We hold this truth to be self evident: In order to keep and grow your key accounts, you need to demonstrate value for your customers, time and time again. This is always the case, but it’s especially true in an economic recession, when budgets are tight and the cushion is gone—you have to show you’re money well spent, or people will stop spending money on you.
To deliver real results, first you need a multidimensional action plan that ladders up to key strategic objectives for your customers and keeps your internal team on track to deliver. Then you need to execute on that plan. That takes a culture and a mindset that supports execution all the way through from strategic planning to metrics reporting.
FranklinCovey is a consulting organization that has studied execution across thousands of teams in organizations of all kinds. They identify 4 major risk factors for successful execution, and 4 key disciplines to manage these risks. We’ve mapped those disciplines to a successful account planning process, and we’ll highlight below how the right KAM platform can support your team’s execution mindset.
Execution Risks: How Execution Fails
These all-too-common mistakes lead teams astray and derail execution:
- Managers and work teams don’t know the goal. Has this ever happened to you? You receive an assignment or embark on a task without a full understanding of the context—what you’re ultimately trying to achieve? Too often, leadership understands the big picture goals, but doesn’t adequately or consistently communicate those to managers and work teams.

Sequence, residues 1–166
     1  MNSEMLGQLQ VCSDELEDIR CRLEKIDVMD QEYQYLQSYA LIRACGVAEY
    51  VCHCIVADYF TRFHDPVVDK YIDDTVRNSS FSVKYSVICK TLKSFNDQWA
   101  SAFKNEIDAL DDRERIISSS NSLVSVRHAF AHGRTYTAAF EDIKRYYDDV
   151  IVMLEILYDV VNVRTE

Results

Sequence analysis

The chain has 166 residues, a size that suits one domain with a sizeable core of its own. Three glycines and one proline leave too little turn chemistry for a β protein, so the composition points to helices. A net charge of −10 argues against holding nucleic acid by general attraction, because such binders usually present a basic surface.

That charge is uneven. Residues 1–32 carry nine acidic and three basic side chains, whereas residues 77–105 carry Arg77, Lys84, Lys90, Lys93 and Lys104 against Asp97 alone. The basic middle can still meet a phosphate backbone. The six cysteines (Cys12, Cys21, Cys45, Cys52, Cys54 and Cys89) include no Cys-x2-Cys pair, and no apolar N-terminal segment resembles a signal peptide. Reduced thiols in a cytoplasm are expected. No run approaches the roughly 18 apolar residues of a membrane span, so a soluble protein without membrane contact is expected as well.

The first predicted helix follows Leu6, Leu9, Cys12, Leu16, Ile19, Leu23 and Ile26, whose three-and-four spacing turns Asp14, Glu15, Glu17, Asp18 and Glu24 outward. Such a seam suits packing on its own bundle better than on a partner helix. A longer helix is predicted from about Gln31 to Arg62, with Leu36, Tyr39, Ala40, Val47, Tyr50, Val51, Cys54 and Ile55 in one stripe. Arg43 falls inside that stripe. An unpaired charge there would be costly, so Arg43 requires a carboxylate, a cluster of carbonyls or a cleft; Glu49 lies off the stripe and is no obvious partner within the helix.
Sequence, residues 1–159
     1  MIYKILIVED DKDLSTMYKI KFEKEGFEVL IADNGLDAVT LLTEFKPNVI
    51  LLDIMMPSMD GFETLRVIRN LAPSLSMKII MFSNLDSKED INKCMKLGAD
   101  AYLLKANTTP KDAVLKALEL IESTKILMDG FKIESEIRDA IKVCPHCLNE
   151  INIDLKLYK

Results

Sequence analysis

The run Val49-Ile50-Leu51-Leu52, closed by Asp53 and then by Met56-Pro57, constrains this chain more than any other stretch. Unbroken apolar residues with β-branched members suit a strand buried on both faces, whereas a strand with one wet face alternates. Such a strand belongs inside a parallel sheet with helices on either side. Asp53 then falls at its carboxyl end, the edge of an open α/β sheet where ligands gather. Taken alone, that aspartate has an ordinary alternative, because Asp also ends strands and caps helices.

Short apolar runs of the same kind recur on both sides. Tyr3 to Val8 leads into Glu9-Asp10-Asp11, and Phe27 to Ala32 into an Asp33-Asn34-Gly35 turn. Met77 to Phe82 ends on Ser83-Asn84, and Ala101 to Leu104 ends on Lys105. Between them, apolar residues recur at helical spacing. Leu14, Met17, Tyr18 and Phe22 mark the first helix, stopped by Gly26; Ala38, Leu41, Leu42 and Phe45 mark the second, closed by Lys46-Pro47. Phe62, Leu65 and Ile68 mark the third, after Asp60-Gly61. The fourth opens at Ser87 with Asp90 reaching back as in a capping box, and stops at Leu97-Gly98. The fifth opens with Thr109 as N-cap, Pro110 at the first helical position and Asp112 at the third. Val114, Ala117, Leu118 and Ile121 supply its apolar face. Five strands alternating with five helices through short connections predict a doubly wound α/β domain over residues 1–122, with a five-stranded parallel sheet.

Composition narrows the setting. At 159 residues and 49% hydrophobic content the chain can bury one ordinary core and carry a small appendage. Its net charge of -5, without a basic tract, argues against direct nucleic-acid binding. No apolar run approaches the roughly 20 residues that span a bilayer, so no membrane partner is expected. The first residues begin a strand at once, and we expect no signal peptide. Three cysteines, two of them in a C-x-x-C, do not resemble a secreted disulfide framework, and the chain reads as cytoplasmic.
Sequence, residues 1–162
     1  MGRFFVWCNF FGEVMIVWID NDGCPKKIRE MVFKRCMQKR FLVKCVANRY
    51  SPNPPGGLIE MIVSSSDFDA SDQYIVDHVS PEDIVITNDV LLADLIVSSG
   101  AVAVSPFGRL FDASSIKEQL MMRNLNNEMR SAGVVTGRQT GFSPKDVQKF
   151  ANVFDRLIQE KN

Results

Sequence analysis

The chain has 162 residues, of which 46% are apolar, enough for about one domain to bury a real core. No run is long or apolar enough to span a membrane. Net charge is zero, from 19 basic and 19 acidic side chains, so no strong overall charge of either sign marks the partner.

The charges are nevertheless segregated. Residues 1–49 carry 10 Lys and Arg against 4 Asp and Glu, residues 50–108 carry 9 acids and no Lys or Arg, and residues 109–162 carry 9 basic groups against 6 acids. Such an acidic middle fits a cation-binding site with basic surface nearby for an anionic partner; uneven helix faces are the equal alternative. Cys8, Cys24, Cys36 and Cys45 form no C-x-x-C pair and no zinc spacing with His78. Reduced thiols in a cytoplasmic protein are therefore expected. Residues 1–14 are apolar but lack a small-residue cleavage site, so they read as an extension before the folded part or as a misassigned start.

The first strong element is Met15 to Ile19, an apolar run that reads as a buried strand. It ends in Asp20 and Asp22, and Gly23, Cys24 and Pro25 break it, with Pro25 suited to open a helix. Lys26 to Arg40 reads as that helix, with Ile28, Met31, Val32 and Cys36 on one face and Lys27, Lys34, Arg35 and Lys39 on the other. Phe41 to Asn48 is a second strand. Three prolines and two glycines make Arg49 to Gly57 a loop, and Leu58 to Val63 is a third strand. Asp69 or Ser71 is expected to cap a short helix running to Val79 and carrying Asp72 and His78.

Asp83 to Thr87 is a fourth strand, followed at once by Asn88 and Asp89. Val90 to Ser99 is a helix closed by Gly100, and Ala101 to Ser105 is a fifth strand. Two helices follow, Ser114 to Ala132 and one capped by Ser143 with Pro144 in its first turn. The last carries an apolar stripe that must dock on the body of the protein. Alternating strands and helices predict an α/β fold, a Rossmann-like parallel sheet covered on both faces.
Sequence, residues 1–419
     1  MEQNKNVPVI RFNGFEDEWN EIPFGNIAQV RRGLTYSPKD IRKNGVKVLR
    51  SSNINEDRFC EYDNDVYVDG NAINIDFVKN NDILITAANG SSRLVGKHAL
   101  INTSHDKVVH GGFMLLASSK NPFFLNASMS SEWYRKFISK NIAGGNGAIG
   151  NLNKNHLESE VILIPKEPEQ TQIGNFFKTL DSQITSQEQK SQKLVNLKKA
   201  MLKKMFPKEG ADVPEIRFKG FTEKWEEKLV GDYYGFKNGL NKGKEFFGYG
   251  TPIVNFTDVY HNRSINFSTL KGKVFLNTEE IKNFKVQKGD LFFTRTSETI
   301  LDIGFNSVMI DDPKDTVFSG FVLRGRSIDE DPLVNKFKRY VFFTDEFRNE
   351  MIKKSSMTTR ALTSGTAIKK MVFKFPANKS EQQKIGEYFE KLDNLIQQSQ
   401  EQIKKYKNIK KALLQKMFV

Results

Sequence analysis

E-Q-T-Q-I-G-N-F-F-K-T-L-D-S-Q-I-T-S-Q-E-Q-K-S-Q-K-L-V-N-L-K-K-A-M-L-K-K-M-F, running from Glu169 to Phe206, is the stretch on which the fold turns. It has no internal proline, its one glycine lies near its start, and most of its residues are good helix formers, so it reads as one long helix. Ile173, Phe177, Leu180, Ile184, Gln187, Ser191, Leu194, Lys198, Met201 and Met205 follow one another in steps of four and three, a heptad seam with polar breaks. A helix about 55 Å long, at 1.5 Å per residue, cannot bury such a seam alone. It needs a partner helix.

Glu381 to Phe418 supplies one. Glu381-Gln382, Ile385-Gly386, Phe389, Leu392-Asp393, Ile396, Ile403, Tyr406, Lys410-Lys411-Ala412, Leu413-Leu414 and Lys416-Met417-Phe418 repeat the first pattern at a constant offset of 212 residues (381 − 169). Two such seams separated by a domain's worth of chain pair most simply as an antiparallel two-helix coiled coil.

- Managers and teams don’t know what to do to achieve the goal. It’s one thing to say you’re going to boost your customer’s standing in a crowded marketplace. It’s another to actually do it. Big goals are the right place to start, but they’re not the right place to end the planning process—you need to break them down into meaningful action items.
- They don’t keep score. Too often, teams lack clear metrics to track against as they work towards their goals. This could be that metrics are hard to define, collect, and use for revised planning—it could also be that teams just aren’t in the habit of doing so.
- They are not held accountable. When things are moving quickly, it’s all too easy to skip the regular check-ins, both internally and with your customer. Without these, it’s also easy to lose sight of the objective, and ultimately, fail to deliver.
Execution Disciplines: How to Drive Results
Whatever field you work in, and whatever you’re trying to achieve, there are fundamental disciplines that help you get there. Here are the 4 Execution Disciplines defined by FranklinCovey:
- Focus on the wildly important. Never lose sight of the overarching purpose: What are you trying to do for your customers? What are you trying to accomplish internally? Make sure everyone—not just executive leadership—understands the goal.
- Act on the Lead Measures. After you’ve set your wildly important goal, you have to do the work to break it down into tangible tactics that will help move the needle.
- Keep a compelling scoreboard. Once you’ve broken down your big goals into discrete objectives, actions, and tasks, you can start to assign KPIs at every level. There are a couple of things to remember here:
- Metrics don’t have to be perfect to be important. Sometimes you’ll have clear, quantitative data to track (such as page visits, resource downloads, sales, webinar attendance, etc) and sometimes you’ll have to look for more qualitative or nuanced indicators of success. The important thing is to define them at the start of the initiative, track them periodically, and use them to refine your thinking and action as you go.